Senior management is often accused of staying both out of sight and out of touch with front-line employees. That lack of visibility can easily lead to a lack of trust. The best leaders engage workers at all levels of the organization, share their knowledge, and “walk the walk.” Top managers continue to focus on developing certain qualities in themselves promote leadership growth in themselves. These managers are ones who are visible, accessible, and who do what they say they will do; they are the ones who enjoy a more highly committed and engaged workforce.

  1. Opportunities to learn and grow

Whether looking for the next step on a career path or honing new skills to do an even better job in a current role, engaged employers know that there is no better way to keep employees happy than through talent building. Education and development – from subscription training services to corporate development programs, from on the job to online – are key to professional growth and relatively easy to offer. As an employer, remember; employees who are given opportunities to grow tend to love their jobs, and those who love their jobs tend to stay where they are.

  1. Purpose beyond paycheck

Now more than ever, workers want more than just a paycheck. They want to know that what they’re doing makes a difference. Based on a recent Robert Half survey, however, only 47% of workers are able to make the connection between their day-to-day duties and their company’s goals. Conversely, engaged employees understand how their personal responsibilities and actions help the company achieve its goals. The lesson here? Happy employees are those who see the link between their daily activities and the bigger picture.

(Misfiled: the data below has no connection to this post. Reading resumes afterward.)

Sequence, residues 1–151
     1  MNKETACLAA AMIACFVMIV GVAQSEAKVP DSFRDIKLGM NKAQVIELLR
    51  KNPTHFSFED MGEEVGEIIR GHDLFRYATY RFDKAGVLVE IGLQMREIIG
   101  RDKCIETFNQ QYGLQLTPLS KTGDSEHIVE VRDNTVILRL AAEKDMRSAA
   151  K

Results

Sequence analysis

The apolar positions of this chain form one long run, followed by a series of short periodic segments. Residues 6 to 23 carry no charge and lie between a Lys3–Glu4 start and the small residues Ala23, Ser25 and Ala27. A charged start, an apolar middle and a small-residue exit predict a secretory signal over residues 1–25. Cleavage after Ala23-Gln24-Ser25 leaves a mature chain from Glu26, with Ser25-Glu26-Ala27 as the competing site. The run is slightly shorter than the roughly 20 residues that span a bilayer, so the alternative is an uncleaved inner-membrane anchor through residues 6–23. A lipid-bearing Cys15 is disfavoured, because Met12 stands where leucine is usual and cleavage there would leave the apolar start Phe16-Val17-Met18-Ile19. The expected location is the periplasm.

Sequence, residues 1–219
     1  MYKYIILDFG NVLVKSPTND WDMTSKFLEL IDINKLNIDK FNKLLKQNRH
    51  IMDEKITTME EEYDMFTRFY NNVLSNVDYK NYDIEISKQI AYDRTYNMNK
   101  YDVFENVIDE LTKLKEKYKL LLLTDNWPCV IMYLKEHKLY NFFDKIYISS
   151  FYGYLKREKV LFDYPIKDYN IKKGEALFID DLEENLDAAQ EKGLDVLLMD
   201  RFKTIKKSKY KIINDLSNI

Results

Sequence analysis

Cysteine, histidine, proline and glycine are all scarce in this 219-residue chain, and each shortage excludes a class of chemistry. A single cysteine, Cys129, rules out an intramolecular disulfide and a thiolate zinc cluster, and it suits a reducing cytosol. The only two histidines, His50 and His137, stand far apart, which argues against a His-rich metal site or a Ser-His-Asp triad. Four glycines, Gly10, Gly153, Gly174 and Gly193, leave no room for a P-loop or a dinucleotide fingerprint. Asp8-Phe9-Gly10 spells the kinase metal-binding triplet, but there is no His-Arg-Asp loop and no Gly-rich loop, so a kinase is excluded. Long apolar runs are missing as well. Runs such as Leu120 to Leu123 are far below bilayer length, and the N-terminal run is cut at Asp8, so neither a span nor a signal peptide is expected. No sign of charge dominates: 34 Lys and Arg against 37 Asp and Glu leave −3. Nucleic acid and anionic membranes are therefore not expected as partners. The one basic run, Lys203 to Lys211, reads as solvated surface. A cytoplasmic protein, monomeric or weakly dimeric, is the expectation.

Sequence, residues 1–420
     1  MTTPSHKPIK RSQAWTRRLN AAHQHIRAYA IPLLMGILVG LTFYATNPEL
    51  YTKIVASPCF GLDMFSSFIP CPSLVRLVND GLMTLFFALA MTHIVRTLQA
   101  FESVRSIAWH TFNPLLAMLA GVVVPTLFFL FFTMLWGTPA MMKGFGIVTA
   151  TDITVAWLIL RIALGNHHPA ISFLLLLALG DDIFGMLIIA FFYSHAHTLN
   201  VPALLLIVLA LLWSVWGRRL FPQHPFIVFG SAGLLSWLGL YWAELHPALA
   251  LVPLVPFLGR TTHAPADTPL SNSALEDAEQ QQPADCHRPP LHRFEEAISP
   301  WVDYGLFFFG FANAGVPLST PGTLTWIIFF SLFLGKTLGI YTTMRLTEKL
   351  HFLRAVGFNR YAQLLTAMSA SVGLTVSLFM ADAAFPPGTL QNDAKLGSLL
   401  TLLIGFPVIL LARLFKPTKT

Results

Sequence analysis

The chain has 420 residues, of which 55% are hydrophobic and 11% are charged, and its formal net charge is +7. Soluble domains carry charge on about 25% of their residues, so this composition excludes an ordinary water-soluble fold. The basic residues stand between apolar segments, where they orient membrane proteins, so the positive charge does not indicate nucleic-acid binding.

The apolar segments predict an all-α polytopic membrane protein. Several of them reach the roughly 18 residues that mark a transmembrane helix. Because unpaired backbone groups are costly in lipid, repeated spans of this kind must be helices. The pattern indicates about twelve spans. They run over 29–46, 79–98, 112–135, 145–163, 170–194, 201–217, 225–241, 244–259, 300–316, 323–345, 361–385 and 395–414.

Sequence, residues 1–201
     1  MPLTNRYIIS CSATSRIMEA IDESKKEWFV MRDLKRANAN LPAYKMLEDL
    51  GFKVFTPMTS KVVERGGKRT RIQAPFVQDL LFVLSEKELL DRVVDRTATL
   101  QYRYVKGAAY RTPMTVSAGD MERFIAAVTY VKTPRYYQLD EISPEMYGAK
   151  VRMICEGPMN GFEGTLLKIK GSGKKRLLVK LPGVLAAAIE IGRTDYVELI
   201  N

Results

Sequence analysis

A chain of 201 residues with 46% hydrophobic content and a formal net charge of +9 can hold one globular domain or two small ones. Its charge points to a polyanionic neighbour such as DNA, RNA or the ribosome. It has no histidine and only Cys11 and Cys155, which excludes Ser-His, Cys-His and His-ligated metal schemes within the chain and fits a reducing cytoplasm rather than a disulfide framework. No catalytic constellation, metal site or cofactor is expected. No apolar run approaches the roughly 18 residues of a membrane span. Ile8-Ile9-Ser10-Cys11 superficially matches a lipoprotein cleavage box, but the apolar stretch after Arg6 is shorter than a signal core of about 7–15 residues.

1. Environmental responsibility

A lot of attention has been placed on green initiatives. In fact, 90% of consumers expect organizations to operate in a way that protects and benefits the environment.[9] Property management companies are taking this to heart, and 2018 saw a rise in recycling, water conservation, and composting programs available to residents and employees.[10] Companies are learning that if they want to retain high-level talent and reduce employee turnover, they need to appeal to a new generation of worker… one who truly wants to make the world a better place.

  1. Transparency